10-15 per cent of household energy usage is from appliances that are switched on but not in use – so turn power points off when not using items and save energy and money.
Watch this video to learn more about understanding your energy bill and savings that can be made.
Hybrids and electric cars are now viable alternatives to reduce fuel consumption and greenhouse gas emissions. If you need to buy a car, check the Green Vehicle Guide to compare the local air pollution and greenhouse emissions of different vehicles on the market.
For more information on current electric car options, as well as a charging station map, visit electricvehiclecouncil.com.au.
The average home in the Lower Hunter uses about 173,000 litres of water a year. Making small changes to your water usage can result in big savings.
- Check and repair leaking taps and pipes to reduce water bills and waste. Repairing just one leaking tap can save 2,000 litres a month.
- Take shorter showers and turn off the tap while cleaning your teeth or shaving.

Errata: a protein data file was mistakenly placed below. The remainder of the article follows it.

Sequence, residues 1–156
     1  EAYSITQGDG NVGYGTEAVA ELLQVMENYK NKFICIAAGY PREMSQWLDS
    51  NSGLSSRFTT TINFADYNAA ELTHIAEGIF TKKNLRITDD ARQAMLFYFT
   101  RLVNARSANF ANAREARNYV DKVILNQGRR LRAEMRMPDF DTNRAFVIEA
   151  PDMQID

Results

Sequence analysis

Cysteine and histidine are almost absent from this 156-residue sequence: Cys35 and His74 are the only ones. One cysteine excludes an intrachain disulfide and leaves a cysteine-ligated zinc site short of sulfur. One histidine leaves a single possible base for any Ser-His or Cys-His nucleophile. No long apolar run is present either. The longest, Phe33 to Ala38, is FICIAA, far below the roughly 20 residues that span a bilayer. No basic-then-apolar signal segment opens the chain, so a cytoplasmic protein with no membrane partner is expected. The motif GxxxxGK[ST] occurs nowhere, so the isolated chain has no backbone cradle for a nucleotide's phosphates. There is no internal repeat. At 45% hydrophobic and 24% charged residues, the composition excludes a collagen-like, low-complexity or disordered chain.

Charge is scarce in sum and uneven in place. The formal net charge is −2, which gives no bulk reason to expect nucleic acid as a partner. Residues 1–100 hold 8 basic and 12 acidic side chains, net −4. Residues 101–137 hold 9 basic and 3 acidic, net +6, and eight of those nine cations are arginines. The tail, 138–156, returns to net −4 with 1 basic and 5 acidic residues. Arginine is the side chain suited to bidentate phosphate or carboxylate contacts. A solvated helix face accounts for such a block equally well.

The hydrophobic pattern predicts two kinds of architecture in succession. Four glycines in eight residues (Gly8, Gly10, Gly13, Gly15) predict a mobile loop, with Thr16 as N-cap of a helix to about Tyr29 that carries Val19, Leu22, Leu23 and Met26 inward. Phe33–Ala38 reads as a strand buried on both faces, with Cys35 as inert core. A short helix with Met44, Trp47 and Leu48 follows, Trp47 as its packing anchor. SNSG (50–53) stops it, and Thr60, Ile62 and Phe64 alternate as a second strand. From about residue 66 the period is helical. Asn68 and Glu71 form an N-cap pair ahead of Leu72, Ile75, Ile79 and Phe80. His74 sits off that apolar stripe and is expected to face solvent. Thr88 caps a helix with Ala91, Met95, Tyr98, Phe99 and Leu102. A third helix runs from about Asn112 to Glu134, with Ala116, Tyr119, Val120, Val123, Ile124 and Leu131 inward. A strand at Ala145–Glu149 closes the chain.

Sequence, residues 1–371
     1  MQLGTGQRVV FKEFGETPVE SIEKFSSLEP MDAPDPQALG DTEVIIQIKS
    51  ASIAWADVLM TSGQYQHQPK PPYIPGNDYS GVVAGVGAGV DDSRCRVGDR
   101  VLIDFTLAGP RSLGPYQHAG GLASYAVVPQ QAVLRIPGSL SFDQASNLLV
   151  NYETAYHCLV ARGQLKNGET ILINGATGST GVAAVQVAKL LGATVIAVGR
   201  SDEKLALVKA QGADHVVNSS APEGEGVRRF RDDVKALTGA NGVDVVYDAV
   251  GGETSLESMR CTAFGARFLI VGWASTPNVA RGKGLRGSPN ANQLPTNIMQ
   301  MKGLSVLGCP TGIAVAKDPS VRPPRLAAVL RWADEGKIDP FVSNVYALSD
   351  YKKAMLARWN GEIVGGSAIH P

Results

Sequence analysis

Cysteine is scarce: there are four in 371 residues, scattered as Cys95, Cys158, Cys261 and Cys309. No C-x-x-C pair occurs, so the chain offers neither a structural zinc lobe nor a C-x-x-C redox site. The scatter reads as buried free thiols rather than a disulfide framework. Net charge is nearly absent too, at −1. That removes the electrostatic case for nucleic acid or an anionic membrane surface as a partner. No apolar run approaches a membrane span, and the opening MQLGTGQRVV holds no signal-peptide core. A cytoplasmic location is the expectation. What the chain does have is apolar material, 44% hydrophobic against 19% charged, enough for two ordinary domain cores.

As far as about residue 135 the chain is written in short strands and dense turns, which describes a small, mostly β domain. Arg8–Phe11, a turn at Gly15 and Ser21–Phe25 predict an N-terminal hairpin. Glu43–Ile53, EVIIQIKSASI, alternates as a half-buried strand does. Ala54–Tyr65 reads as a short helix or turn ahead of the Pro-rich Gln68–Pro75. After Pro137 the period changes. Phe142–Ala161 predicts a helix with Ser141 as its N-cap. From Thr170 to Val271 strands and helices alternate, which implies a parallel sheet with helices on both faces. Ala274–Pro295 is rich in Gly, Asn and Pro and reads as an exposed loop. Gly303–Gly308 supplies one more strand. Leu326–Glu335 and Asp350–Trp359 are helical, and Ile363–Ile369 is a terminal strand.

- Install a low flow water saving showerhead - it uses half the water of standard showerheads.
- Aerated taps are cheap to buy and will reduce water flow by 50 per cent.
- Greywater is the wastewater from your hand basin, shower, bath, spa bath or laundry. With water becoming scarcer, the installation of a greywater system can help you become self-sufficent with your water supply. You can use greywater on your garden.
- Rainwater tanks are great at helping to save water and reducing stormwater runoff. It is important that rainwater tanks are low-maintenance not 'no-maintenance' systems. They should be checked regularly to ensure high water quality, efficiency and the longevity of your rainwater tank. In Lake Macquarie, most rainwater tanks do not need approval; however, there are limits on size and placement.
- Up to 60 per cent of household water is used outdoors, with lawns consuming 90 per cent. Mulch in garden beds prevents evaporation and reduces runoff.
- Plant drought-tolerant Australian native plants, which require less water and attract native wildlife.
- Water your garden early in the morning or in the late afternoon, as more evaporation takes place in the middle of the day.
- Water your plants for longer less often to encourage deep root growth.
- Wash your car on the lawn and use a bucket - it saves water and waters the lawn at the same time.
- Find more water saving tips at hunterwater.com.au.